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Judge Rules for Microsoft in Novell WordPerfect Antitrust Lawsuit

A U.S. district court judge issued an order on Monday that halts Novell's lawsuit against Microsoft over the alleged hobbling of WordPerfect back in 1995.

Judge J. Frederick Motz issued an opinion from the Utah Central Division court that granted Microsoft's Rule 50 motion, essentially dismissing the case. Rule 50 allows for the judge to make a decision in hung jury cases, which is called a "judgment as a matter of law motion." The case had gone to a jury previously, which failed to reach a verdict in December 2011, but the final jury count at that time was 11 to one against Microsoft. The case had been whittled down to a single claim that Microsoft violated Section 2 of the Sherman Act by monopolizing the software applications market. Novell was seeking nearly $1 billion from Microsoft.

Judge Motz offered this explanation for his ruling in Microsoft's favor.

"Although Novell presented evidence from which a jury could have found that Microsoft engaged in aggressive conduct, perhaps to monopolize or attempt to monopolize the applications market, it did not present evidence sufficient for a jury to find that Microsoft committed any acts that violated § 2 in maintaining its monopoly in the operating systems market," Motz wrote in his opinion (PDF).

The case stems back to the days when Microsoft was in the early stages of launching Windows 95, and when WordPerfect was more widely used than Microsoft Word. Novell is the plaintiff in the case because of this chronology, although the WordPerfect product underwent a series of corporate ownership changes, including ownership by Corel Corp. in 1996. Novell itself was bought by Attachmate Corp. in November.

At the end of 1994, the use of WordPerfect on DOS and Windows constituted 36 percent of the wordprocessing market. Novell had alleged during the trial that Microsoft deliberately withdrew namespace extension APIs for Windows 95 with the intent of thwarting its software application competition, specifically to give an edge to the Microsoft Office suite on Windows 95 over competing suites.

That's pretty much what then-CEO Bill Gates said Microsoft should do in a smoking-gun memo, dated Oct. 3, 1994.

"I have decided that we should not publish these extensions," Gates wrote in the memo (PDF, courtesy of Groklaw, which provides analysis of the case). "We should wait until we have a way to do a high level of integration that will be harder for the likes of Notes, Wordperfect to achieve, and which will give Office a real advantage."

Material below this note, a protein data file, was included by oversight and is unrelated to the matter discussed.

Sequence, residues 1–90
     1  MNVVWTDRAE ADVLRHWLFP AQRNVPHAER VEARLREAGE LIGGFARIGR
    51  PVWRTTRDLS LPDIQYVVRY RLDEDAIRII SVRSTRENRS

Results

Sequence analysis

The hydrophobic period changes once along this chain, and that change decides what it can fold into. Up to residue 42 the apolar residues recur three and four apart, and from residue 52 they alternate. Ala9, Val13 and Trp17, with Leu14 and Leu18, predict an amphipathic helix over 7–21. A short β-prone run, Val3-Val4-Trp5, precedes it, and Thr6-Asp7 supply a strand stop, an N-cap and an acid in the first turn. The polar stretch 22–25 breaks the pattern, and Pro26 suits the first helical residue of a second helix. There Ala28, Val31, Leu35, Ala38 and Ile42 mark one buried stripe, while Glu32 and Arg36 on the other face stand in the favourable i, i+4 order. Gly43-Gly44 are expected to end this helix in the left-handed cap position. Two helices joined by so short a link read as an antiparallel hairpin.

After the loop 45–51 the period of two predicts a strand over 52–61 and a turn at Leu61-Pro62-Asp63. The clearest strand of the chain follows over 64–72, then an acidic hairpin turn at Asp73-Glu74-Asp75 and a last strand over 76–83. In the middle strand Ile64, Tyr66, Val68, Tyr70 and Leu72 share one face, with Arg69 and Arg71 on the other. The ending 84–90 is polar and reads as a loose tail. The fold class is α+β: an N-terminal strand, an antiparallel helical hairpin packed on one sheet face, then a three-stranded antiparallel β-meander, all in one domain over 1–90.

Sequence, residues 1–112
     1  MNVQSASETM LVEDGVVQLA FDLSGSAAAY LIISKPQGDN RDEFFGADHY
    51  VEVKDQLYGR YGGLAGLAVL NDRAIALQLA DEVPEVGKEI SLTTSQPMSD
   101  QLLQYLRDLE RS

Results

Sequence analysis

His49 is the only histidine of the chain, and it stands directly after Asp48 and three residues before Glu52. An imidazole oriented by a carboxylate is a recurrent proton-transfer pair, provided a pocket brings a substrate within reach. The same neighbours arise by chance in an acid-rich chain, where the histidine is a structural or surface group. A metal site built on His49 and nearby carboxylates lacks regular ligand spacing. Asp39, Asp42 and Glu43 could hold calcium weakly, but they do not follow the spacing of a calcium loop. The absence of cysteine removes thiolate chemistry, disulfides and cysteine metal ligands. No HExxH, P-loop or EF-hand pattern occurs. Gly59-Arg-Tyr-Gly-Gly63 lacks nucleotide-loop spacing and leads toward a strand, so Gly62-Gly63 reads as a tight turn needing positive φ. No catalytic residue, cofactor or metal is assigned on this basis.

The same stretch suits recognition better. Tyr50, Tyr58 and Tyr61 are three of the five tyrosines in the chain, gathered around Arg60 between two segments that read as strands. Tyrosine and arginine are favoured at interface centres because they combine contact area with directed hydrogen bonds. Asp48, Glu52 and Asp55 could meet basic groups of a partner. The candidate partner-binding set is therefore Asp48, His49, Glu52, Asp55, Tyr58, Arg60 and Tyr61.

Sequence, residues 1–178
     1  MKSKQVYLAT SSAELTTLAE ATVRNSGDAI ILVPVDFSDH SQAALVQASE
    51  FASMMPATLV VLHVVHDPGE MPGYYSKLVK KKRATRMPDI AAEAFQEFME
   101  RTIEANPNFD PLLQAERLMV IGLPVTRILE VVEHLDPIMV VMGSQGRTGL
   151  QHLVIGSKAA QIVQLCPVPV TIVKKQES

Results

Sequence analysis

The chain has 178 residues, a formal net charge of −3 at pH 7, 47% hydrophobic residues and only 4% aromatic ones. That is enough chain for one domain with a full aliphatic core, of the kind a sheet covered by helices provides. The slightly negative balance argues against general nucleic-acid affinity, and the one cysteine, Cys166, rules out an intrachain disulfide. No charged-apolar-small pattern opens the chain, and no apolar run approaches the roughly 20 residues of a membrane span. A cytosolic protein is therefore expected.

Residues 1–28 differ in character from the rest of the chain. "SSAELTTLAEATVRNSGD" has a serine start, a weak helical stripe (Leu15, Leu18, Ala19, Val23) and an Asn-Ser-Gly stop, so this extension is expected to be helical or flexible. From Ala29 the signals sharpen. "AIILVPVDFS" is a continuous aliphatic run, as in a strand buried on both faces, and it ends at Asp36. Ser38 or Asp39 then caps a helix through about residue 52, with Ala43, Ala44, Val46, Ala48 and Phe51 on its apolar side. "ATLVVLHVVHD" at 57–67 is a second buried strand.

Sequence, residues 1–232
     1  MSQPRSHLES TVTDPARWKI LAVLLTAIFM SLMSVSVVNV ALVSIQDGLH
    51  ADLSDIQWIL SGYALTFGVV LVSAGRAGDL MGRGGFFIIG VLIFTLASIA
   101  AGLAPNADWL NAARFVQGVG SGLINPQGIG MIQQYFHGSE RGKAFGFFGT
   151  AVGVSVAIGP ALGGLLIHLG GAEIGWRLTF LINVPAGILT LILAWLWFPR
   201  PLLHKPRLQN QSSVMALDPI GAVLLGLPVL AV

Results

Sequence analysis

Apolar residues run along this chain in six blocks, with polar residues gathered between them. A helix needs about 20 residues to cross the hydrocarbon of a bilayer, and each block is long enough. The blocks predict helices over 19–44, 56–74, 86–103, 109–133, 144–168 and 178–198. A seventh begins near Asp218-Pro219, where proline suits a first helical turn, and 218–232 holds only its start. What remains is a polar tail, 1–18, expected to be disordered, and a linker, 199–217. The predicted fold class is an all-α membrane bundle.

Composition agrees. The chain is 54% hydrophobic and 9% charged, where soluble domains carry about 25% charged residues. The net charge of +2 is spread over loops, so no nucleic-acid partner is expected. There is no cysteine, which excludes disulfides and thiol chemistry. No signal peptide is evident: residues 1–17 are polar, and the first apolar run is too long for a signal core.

The namespace extension APIs were out at the beta level at that time. While Novell's attorney's claimed that Microsoft's beta status for the namespace extension APIs meant that the features were fixed, that's not the understanding about Microsoft's betas that people generally have today. However, Gates' memo clearly showed intent to trip up the competition by withdrawing the APIs.

Surprisingly, Judge Motz thinks that's not antitrust behavior under the Sherman Act.

"A monopolist is free 'to exercise [its] own independent discretion as to parties with whom [it] will deal'," Motz wrote, citing some case law. "It is well established that a monopolist generally has no duty to cooperate with its competitors."

In the software world in which many applications run on a just a few operating systems, this interpretation of the law by Judge Motz might be construed to give Microsoft total monopoly market power over applications that run on Windows. If Microsoft has competing application products, it can just refuse to cooperate technically with software vendors that write for Windows, thereby gaining market advantage -- and that's completely legal under antitrust law, according to Motz.

Novell, for its part, plans to appeal the ruling.

"While Novell is disappointed with Judge Frederick Motz's ruling, Novell still believes in the strength of its claim and we do intend to pursue an appeal," stated Jim Lundberg, vice president of Novell's legal department, via e-mail.

Microsoft applauded Motz's ruling.

"We've maintained throughout this case that Novell's arguments lack merit, and we're gratified with today's ruling dismissing the last of Novell's claims and putting this matter to rest," said David Howard, deputy general counsel at Microsoft, in an e-mailed statement.

About the Author

Kurt Mackie is online news editor for the 1105 Enterprise Computing Group.

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